The Connection of the Physical Sciences
Key and Biddle, 1834 - 356 pages
What people are saying - Write a review
We haven't found any reviews in the usual places.
Other editions - View all
Common terms and phrases
according action angle appears arising atmosphere attraction axis becomes bodies cause centre changes colors comet consequently density depends determined diameter diminishes direction distance disturbing earth ecliptic effect electricity equal equator existence experiments extent extremely fluid force give given glass gravitation greater heat height increase influence intensity interesting kind known latitude length less light liquid magnetic mass matter mean measured meridian miles moon motion move nature nearly needle object observed occasions opposite orbit particles passing period phenomena plane plate polarized poles position probably produce proved quantity rays reflected refraction remain rest result revolve rings rotation round satellites seen side similar solar solid sound space square stars substances surface temperature terrestrial theory tion transmitted undulations variation varies vibrations volume waves whole wire
Page 20 - That day, as other solemn days, they spent In song and dance about the sacred hill; Mystical dance, which yonder starry sphere Of planets, and of fixed, in all her wheels Resembles nearest, mazes intricate, Eccentrick, intervolved, yet regular Then most, when most irregular they seem ; And in their motions harmony divine So smooths her charming tones, that God's own ear Listens delighted.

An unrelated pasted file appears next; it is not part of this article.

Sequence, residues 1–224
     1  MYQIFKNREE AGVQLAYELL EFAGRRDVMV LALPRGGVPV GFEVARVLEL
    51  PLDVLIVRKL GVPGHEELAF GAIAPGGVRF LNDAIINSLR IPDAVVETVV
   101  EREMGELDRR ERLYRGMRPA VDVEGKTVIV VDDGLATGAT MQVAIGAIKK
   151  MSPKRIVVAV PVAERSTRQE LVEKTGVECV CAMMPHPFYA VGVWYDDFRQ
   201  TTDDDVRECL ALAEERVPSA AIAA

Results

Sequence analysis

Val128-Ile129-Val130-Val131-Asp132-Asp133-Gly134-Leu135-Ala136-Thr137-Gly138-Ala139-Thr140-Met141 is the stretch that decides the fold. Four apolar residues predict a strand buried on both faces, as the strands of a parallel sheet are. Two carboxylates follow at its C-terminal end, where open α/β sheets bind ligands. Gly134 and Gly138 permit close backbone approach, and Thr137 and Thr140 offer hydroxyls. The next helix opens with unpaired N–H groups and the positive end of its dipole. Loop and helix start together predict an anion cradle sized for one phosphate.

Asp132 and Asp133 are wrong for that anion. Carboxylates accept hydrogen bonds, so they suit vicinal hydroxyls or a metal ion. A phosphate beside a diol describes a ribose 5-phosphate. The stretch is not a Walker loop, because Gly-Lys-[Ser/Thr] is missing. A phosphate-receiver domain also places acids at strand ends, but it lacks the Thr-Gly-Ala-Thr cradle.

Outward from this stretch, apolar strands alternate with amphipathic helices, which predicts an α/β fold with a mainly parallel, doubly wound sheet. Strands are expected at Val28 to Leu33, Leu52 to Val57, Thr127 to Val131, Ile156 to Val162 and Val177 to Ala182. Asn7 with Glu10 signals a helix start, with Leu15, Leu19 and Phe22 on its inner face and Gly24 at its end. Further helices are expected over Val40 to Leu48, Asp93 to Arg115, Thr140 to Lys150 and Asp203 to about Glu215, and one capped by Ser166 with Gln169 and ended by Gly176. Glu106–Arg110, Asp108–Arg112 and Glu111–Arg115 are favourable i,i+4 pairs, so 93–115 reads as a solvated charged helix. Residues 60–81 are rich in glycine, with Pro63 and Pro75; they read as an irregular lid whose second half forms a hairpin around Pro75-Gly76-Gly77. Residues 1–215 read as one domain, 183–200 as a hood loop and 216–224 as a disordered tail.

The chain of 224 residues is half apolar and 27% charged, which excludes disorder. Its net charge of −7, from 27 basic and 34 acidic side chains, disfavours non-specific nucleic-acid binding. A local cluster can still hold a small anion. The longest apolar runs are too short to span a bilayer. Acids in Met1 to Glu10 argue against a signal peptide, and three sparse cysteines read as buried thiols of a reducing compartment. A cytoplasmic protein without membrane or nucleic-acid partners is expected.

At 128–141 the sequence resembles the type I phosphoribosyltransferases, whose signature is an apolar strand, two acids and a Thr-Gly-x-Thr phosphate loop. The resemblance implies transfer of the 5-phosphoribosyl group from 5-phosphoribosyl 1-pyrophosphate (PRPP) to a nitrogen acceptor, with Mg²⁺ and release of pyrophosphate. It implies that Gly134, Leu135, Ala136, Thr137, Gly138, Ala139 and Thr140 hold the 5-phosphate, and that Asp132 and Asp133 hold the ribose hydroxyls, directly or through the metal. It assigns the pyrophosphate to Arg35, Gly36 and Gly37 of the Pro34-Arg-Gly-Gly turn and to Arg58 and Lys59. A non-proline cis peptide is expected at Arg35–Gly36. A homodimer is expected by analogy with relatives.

Page 316 - Bacon, that the words of prophecy are to be interpreted as the words of one 'with whom a thousand years are as one day, and one day as a thousand years.
Page 10 - Kepler also deduced from observation, that the squares of the periodic times of the planets, or the times of their revolutions round the sun, are proportional to the cubes of their mean distances from...
Page 28 - His true position is in the diagonal of the parallelogram, whose sides are in the ratio of the velocity of light to the velocity of the earth in its orbit, which is as 190000 to 19.
Page 298 - Jupiter ; it then gradually diminished in splendour, and, having exhibited all the variety of tints that indicate the changes of combustion, vanished sixteen months after its discovery, without altering its position. It is impossible to imagine anything more tremendous than a conflagration that could be visible at such a distance.
Page 296 - The distance of the fixed stars is too great to admit of their exhibiting a sensible disc ; but, in all probability, they are spherical, and must certainly be so if gravitation pervades all space, which it may be presumed to do, since Sir John Herschel has shown that it extends to the binary systems of stars.
Page 318 - These formulae, emblematic of Omniscience, condense into a few symbols the immutable laws of the universe. This mighty instrument of human power itself originates in the primitive constitution of the human mind, and rests upon a few fundamental axioms, which have eternally existed in Him who implanted them in the breast of man when He created him after His own image.